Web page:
We consider the problem of generating a large state-space in a distributed fashion. Unlike previously proposed solutions that partition the set of reachable states according to a hashing function provided by the user, we explore heuristic methods that completely automate the process. The first step is an initial random walk through the state space to initialize a search tree, duplicated in each processor. Then, the reachability graph is built in a distributed way, using the search tree to assign each newly found state to classes assigned to the available processors. Furthermore, we explore two remapping criteria that attempt to balance memory usage or future workload, respectively. We show how the cost of computing the global snapshot required for remapping will scale up for system sizes in the foreseeable future. An extensive set of results is presented to support our conclusions that remapping is extremely beneficial.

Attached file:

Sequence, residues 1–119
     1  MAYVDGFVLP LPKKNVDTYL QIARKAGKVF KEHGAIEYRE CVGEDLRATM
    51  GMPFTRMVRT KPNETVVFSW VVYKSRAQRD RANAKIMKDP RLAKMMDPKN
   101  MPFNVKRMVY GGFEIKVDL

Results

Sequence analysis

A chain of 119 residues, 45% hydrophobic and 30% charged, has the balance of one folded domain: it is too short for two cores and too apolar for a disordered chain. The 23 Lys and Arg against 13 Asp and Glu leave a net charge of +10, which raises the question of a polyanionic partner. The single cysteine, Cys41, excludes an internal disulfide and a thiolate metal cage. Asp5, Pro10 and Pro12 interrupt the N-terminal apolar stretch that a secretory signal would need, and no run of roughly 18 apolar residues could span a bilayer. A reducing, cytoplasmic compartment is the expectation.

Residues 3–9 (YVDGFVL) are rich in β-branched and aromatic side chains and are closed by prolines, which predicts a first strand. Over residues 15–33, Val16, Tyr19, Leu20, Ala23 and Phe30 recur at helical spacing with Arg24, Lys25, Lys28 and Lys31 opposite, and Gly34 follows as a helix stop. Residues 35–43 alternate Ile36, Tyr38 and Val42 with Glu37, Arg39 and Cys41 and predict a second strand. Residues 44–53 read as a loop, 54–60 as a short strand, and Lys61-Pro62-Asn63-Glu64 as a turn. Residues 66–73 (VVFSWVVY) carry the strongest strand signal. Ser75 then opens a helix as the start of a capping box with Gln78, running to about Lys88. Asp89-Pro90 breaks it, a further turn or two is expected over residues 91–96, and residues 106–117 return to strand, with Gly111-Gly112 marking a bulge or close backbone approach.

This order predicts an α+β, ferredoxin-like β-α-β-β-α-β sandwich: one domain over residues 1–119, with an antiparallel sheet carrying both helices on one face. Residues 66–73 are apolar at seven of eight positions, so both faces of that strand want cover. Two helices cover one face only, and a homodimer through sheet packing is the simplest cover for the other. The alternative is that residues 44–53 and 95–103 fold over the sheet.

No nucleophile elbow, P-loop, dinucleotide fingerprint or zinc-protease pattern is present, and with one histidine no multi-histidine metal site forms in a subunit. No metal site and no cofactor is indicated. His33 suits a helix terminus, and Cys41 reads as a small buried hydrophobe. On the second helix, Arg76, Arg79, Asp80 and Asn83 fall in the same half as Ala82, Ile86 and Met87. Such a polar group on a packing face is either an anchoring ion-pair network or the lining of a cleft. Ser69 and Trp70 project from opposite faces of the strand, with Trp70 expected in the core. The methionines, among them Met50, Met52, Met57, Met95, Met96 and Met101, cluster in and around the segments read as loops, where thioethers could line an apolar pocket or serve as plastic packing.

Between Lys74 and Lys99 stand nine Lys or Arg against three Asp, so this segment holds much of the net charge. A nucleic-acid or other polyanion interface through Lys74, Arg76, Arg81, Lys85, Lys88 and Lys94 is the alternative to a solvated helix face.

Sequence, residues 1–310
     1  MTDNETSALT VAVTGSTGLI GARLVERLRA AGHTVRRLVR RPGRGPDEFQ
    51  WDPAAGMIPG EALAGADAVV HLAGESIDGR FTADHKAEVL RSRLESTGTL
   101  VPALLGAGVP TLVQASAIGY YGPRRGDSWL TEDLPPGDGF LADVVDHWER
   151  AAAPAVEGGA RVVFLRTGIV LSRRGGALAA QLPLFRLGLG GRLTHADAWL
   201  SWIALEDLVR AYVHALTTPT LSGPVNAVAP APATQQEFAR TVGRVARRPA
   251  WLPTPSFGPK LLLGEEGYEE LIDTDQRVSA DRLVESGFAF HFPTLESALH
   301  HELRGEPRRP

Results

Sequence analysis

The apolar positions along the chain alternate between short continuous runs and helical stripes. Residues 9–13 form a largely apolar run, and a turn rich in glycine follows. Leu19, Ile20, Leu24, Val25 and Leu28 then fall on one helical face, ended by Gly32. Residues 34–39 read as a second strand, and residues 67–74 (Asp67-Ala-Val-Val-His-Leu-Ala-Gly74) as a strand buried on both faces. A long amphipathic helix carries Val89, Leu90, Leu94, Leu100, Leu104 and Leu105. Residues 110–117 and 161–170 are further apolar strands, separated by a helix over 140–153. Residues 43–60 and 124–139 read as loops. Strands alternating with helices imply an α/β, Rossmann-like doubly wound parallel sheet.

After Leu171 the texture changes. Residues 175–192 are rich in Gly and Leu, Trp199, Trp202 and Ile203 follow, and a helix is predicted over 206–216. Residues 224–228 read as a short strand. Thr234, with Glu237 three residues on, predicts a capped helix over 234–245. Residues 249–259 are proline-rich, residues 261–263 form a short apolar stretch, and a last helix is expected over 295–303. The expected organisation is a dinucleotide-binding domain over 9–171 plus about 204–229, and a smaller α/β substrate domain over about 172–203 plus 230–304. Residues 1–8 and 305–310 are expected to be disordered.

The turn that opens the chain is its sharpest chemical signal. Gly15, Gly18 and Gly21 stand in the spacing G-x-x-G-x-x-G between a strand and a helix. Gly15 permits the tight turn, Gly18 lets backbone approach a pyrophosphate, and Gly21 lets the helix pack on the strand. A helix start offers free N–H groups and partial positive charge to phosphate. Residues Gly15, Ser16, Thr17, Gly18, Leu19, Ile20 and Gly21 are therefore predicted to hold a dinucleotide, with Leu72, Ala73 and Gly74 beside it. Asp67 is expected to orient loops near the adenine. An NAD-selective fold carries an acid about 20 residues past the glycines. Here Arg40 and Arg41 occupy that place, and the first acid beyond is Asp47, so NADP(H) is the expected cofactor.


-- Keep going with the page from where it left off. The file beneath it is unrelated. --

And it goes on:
ASJC Scopus subject areas
- Theoretical Computer Science
- Hardware and Architecture
- Computer Networks and Communications
- Artificial Intelligence